Using Evidence of Mechanisms to Evaluate Efficacy and External Validity
Previous chapters in Part III develop accounts of how to gather and evaluate evidence of claims about mechanisms. This chapter explains how this evaluation can be combined with an evaluation of evidence for relevant correlations in order to produce an overall evaluation of a causal claim. The procedure is broken down to address efficacy, external validity, and then the overall presentation of the claim.
In this chapter, we move from claims about mechanisms to causal claims, i.e., claims of efficacy and external validity. As we have seen in Chap. 6, in order to establish efficacy, one needs to establish both the claim that there is a correlation between putative effect and putative cause and the claim that there is a mechanism connecting the putative effect and cause that can account for the size of the observed correlation. Sect. 7.1 explains how these two types of evidence can be combined to evaluate the status of an efficacy claim. For purposes of clinical or public health decision making one often wants to make inferences about effectiveness, i.e., about causality in target populations other than the study population. Besides evidence directly about the target population, evidence of mechanistic similarity between the target populations and study populations for which efficacy has already been evaluated may be relevant to the status of the causal claim in the target population. We deal with this question of external validity in Sect. 7.2.
Here we address the question of how to combine evaluations of a general mechanistic claim and a correlation claim in order to evaluate a claim of effectiveness.
Is clinical study evidence strong enough to make it plausible that there is a mechanism that can account for the size of the correlation?
Is there a specific mechanism hypothesis and is the existence of the crucial features of that mechanism hypothesis established?
Efficacy claim. To obtain the status of an efficacy claim, we combine the status of the corresponding general mechanistic claim with the status of the corresponding correlation claim. Efficacy is established just when it is established that there is a correlation and that there is some mechanism which can account for this correlation (Russo and Williamson 2007; Illari 2011; Clarke et al. 2013, 2014). More generally, the status of the causal claim can be taken to be the minimum of two statuses: the status of the correlation claim and the status of the general mechanistic claim:
the status of the claim that A and B are appropriately correlated, and
the status of the claim that there is an appropriate mechanism linking A and B that can account for this correlation.
Hence, a causal claim cannot have a higher status than both the correlation claim and the general mechanistic claim (see discussions in (Russo and Williamson 2007, 2011, 2012; Russo 2011; Clarke and Russo 2016, 2017)). To give an example, efficacy is provisionally established if the existence of a correlation is established or provisionally established and the existence of a mechanism that can account for the correlation is provisionally established. Equally, efficacy is provisionally ruled out if a correlation is provisionally ruled out and if the existence of a mechanism that can account for the correlation is provisionally ruled out or of higher status.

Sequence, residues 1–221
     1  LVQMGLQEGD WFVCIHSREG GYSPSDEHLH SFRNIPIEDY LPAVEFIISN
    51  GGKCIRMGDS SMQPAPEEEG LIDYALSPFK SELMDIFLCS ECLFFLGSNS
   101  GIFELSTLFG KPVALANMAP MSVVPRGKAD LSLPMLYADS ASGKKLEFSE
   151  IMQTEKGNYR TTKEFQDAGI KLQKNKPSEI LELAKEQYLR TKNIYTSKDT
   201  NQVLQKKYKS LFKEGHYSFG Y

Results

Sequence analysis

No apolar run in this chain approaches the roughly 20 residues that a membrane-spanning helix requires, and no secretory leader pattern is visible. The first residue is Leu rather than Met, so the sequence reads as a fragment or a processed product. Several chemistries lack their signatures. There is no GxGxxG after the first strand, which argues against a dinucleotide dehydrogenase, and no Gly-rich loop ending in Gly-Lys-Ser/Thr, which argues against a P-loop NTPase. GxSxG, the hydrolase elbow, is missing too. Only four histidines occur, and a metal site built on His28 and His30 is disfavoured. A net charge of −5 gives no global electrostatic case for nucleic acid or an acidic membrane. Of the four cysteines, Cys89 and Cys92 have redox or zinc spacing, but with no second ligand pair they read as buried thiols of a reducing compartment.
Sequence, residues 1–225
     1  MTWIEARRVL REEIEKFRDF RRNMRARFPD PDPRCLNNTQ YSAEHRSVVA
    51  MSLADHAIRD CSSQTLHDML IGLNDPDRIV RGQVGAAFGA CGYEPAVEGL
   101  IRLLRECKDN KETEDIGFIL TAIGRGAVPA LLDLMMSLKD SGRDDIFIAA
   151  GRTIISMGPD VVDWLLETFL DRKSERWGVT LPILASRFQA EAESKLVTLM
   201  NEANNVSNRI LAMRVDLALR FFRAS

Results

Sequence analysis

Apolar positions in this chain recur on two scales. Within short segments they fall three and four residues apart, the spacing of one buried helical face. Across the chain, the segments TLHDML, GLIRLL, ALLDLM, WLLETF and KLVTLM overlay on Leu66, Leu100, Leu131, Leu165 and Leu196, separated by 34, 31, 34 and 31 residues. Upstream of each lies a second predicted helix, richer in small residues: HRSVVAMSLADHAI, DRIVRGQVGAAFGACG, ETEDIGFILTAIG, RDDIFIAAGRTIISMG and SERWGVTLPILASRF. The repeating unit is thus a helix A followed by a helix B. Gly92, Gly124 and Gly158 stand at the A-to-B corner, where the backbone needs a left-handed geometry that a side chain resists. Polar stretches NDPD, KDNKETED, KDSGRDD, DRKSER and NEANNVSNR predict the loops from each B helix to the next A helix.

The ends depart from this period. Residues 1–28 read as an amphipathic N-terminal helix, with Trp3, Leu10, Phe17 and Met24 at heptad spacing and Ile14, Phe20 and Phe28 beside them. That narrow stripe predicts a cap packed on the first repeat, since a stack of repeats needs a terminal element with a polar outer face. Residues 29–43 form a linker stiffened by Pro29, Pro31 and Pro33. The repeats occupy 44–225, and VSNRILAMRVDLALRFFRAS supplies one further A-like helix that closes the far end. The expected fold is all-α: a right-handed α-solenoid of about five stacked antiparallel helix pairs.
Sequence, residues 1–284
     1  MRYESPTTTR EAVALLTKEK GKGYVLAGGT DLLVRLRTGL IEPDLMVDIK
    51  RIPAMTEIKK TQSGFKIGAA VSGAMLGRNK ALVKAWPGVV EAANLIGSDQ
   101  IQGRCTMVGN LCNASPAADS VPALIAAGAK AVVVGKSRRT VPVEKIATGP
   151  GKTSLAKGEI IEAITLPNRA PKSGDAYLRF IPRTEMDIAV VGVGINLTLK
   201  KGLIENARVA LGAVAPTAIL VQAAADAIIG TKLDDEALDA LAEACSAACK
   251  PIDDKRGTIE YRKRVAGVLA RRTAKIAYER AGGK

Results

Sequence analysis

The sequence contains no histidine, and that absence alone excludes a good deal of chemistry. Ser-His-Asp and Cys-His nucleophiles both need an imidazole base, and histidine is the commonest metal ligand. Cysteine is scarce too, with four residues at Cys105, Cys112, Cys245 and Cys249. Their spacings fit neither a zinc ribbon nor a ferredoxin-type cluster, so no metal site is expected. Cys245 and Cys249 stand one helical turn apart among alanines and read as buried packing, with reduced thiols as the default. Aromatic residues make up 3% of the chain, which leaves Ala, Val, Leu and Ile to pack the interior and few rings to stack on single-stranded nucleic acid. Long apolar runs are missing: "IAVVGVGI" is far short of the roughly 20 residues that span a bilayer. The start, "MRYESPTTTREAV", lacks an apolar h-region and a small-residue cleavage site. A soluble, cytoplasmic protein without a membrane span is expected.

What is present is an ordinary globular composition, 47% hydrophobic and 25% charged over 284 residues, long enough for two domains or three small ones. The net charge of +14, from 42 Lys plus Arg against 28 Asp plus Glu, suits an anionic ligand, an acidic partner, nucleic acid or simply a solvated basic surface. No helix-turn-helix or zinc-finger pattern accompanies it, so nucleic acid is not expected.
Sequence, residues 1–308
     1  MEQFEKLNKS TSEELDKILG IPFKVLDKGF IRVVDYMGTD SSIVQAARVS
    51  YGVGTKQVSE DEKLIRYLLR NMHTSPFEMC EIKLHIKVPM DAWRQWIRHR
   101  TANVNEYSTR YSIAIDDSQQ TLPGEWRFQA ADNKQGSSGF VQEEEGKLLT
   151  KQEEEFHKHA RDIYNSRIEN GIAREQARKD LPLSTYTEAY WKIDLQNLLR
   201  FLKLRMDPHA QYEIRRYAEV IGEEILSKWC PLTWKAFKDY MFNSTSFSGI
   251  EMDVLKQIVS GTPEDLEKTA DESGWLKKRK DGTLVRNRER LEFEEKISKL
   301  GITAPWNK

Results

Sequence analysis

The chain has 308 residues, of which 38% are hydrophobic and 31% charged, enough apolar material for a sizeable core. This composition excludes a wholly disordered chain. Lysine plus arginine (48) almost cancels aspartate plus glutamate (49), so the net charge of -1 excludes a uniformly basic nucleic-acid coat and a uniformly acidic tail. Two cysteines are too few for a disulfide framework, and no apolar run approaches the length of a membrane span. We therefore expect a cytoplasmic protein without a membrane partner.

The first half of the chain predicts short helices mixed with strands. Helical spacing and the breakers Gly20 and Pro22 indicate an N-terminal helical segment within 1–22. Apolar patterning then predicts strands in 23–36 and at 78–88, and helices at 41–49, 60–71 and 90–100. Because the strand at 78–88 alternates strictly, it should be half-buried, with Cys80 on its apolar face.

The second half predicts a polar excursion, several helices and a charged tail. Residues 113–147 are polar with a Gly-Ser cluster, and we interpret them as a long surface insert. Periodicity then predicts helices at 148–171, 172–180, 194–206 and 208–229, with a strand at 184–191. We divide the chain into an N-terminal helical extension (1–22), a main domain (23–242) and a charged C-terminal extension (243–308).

Before turning to external validity, we discuss a potential source of confusion:
Digression: reinforced concrete. In the framework set out above, there are two separate distinctions in play. First, there is the distinction between evidence of correlation and evidence of mechanisms (Illari 2011). This distinction is core to the approach taken in this handbook: the claim that A is a cause of B is evaluated according to how strongly evidence of correlation supports the claim that A and B are appropriately correlated, and how strongly evidence of mechanisms supports the general mechanistic claim that there is a mechanism linking A to B that can account for the correlation. Second, there is a distinction between clinical studies (which repeatedly measure A and B together) and mechanistic studies (which investigate the details of a putative mechanism linking A and B). It is important to note that these two distinctions do not align. Both clinical and mechanistic studies can provide evidence of correlation (though clinical studies often provide better evidence of correlation than mechanistic studies). Similarly, both clinical and mechanistic studies can provide evidence of mechanisms (although mechanistic studies often provide better evidence). See Fig. 3.1. Moreover, there are situations in which a causal claim can be established on the basis of clinical studies alone, as explained in Sect. 2.3 and Chap. 6.
Clinical studies and mechanistic studies can be mutually reinforcing. Consider an analogy to reinforced concrete, which is formed by placing steel grids into concrete (Clarke et al. 2014). Concrete has high resistance to compressive stresses but fractures under tension. Steel, however, has high strength in tension. So, if steel is placed in concrete to produce reinforced concrete, we get a composite material where the concrete resists the compression and the steel resists the tension. The combination of two different materials produces a material that is much stronger than either of its components. In the same way, combining clinical studies with mechanistic studies produces much stronger overall evidence of efficacy than would either type of evidence on its own, because they compensate for each other’s weaknesses. For instance, clinical studies can rule out masking: masking occurs when one or more counteracting mechanisms cancel out the effect of the mechanism of action. On the other hand, mechanistic studies can rule out confounding.